Cold winter days call out for rich and hearty beef stew. I just made some last night and cannot wait to dig into the leftovers for lunch today.
Below I share my super simple recipe. It is paired down from many stew recipes to the key ingredients and steps but still delivers amazing flavor, texture and comfort.
Simple Beef Stew
2 lbs stew beef (shout out to my favorite local butcher Hudson and Charles with all local, sustainable and grass-fed meats)
1 medium onion
1 - 2 carrots
1 - 2 celery stalks
8 crimini mushrooms
1 bay leaf
a few sprigs of fresh thyme
1 can stout beer (such a Guinness or Murphy's, I like Murphy's the best)
splash of apple cider vinegar (Optional but adds nutrition, depth of flavor and helps tenderize the meat even more.)
salt to taste
Preheat oven to 325°F.
Discarding the very tops and ends, slice carrots and celery on a slight angle into roughly 1/3" slices. No need to be super precise. Quarter the mushrooms. Dice the onion.
In a dutch oven or other stove and oven proof pot with a lid, brown the beef with a little canola oil. Brown each side carefully so each piece gets a nice caramelized crust. You will likely need to do this in at least 2 batches. Set browned meat aside.
If there is not much fat in the pot from the beef, add a little more canola oil. Add the onions, sprinkle a little salt over them and saute for a couple mins, scraping up any beef bits left in the bottom of the pot. Add the carrots, celery and mushrooms, a touch more salt and continue to saute until it all cooks down and caramelizes a little, about 5 more minutes.
Add in most of the can of beer and deglaze the pot, all the little bits stuck on the bottom of the pot should release into the liquid. Add the beef back into the pot. Bring to a boil for a minute and then add in some water so there is enough liquid to mostly cover the beef and vegetables. Add the bay leaf, thyme sprigs and splash of apple cider vinegar if using. Bring to a boil, stir, cover and pop into the oven for about 3 hours. About 2 hours in, check on the stew, give it a stir and taste it. Add salt if needed.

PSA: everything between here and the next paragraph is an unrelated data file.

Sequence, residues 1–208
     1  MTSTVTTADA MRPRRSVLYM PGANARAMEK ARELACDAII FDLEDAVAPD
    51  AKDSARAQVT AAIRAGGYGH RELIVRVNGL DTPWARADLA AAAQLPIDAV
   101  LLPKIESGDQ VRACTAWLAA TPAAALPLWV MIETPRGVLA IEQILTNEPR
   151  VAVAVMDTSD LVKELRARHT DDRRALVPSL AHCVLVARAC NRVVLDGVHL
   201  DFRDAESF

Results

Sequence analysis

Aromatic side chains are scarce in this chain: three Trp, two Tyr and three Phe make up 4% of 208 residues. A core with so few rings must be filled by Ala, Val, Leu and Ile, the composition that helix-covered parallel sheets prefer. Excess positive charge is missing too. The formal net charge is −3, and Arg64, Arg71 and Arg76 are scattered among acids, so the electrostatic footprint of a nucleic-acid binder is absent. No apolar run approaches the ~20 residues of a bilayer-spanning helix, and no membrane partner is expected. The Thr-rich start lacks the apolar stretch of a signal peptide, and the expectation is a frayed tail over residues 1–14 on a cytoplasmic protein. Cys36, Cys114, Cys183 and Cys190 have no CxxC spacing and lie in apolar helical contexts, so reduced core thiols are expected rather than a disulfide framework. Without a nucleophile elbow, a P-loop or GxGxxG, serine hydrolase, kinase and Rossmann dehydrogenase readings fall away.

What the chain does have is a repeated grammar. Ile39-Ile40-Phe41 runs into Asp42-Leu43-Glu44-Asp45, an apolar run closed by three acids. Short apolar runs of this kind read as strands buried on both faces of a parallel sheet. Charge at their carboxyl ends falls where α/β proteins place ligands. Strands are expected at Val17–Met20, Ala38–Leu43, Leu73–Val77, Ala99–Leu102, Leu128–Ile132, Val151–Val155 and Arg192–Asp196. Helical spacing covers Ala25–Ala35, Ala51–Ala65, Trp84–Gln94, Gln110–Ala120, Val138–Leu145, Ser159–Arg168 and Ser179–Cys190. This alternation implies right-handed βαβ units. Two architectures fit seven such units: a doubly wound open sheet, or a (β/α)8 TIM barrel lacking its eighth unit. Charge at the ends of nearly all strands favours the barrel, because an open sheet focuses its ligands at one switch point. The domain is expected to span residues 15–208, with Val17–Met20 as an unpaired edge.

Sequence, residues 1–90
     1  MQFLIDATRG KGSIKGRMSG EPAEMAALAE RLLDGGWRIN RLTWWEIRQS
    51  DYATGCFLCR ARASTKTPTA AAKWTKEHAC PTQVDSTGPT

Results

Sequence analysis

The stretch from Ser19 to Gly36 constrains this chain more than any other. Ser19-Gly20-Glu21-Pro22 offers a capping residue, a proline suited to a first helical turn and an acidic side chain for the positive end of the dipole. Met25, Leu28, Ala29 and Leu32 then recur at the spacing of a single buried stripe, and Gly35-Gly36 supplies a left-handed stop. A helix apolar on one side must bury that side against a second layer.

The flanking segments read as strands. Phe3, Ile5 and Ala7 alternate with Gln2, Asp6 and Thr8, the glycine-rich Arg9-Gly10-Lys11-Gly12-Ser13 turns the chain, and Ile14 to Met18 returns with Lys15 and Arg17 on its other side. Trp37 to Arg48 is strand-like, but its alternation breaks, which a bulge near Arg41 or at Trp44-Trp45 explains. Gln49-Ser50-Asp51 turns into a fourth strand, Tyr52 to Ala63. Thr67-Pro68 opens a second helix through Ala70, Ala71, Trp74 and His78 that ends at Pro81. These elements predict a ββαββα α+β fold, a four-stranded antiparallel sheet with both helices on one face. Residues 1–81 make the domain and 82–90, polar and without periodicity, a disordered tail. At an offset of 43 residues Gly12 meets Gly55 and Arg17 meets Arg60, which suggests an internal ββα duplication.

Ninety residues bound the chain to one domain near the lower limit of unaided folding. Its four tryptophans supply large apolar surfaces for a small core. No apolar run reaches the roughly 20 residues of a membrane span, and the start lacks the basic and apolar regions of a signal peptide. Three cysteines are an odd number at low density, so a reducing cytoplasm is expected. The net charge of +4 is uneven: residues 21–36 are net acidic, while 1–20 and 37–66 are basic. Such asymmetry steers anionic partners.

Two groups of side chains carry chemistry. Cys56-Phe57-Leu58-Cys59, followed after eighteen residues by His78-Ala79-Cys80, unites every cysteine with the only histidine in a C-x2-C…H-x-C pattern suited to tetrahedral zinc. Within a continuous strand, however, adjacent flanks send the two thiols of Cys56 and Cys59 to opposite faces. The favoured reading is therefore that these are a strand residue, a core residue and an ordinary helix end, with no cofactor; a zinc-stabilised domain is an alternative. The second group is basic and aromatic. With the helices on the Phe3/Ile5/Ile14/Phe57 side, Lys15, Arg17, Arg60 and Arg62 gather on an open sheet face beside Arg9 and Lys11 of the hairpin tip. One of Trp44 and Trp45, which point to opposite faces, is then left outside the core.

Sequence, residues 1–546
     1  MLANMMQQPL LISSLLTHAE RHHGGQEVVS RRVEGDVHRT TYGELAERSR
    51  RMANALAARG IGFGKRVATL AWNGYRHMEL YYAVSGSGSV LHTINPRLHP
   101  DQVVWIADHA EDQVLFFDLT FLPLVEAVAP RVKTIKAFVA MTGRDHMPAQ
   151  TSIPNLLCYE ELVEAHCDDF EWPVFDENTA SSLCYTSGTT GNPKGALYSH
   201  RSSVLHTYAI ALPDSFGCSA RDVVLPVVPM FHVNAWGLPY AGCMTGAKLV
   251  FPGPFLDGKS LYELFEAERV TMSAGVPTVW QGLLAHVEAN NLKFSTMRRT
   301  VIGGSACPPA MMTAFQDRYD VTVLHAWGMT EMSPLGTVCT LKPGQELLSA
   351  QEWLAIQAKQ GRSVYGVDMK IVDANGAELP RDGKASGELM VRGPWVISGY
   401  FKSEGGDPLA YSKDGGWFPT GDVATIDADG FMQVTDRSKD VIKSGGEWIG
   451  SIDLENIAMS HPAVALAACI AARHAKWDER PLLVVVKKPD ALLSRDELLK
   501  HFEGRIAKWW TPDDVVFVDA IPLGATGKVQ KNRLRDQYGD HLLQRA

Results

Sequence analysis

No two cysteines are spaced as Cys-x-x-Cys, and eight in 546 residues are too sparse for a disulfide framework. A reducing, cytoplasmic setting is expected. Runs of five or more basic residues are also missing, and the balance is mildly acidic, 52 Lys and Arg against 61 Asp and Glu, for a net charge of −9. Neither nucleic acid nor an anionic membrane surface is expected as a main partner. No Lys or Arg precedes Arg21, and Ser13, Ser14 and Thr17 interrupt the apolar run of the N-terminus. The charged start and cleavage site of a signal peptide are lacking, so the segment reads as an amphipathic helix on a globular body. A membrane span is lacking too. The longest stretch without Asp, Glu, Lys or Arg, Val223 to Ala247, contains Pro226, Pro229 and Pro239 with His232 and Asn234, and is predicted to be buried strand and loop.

After cooking for about 3 hours, remove from the oven. Discard the bay leaf and thyme stalks. Give it a stir and add salt if desired.
While not required, I recommend adding a couple teaspoons of roux as it will thicken the sauce and add a gorgeous sheen. Many other stew recipes have you coat the meat in flour before browning it, this in the end helps thicken the stew. I find that step messy and smoky sometimes when I inevitably burn the flour a little while browning in multiple batches. The roux approach is easier and, in my opinion, leads to a superior result.
To make the roux, while the stew is in the oven, take a small pan and cook 2 tablespoons of unsalted butter and 2 slightly heaping tablespoons of flour over medium heat. Cook for about 4 minutes, stirring most of the time, until the mixture smells a little nutty and has started to turn a touch brown. Set aside. When your stew is out of the oven and the bay leaf and thyme stalks have been removed, put the stew over a flame and add a couple teaspoons of roux to it. Cook for just a minute longer to help the roux set up. The result will be an extremely luscious sauce. Note you can make a larger batch of roux and store leftovers in a sealed container in the fridge for up to 3 weeks to use to thicken anything else up like gravy or as a start to a cheese sauce.
What to serve with this delicious stew?
The key is to have something to soak up all those amazing juices and to add a little starch. Traditional sides would be mashed potatoes or some crusty bread. Less traditional, yet my absolute favorite accompaniment is Yorkshire pudding, as show in the photos above. The combination is amazing. Here's an easy recipe from Serious Eats.